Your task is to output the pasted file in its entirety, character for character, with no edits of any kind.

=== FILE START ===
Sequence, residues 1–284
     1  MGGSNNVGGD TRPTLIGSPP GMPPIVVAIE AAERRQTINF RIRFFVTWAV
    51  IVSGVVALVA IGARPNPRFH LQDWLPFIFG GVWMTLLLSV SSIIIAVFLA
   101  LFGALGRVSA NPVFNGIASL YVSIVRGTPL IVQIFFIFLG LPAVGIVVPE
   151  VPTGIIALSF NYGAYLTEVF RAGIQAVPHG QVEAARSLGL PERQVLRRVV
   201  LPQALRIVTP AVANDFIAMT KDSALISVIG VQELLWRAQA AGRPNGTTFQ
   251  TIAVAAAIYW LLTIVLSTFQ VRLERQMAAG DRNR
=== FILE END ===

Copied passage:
Sequence, residues 1–284
     1  MGGSNNVGGD TRPTLIGSPP GMPPIVVAIE AAERRQTINF RIRFFVTWAV
    51  IVSGVVALVA IGARPNPRFH LQDWLPFIFG GVWMTLLLSV SSIIIAVFLA
   101  LFGALGRVSA NPVFNGIASL YVSIVRGTPL IVQIFFIFLG LPAVGIVVPE
   151  VPTGIIALSF NYGAYLTEVF RAGIQAVPHG QVEAARSLGL PERQVLRRVV
   201  LPQALRIVTP AVANDFIAMT KDSALISVIG VQELLWRAQA AGRPNGTTFQ
   251  TIAVAAAIYW LLTIVLSTFQ VRLERQMAAG DRNR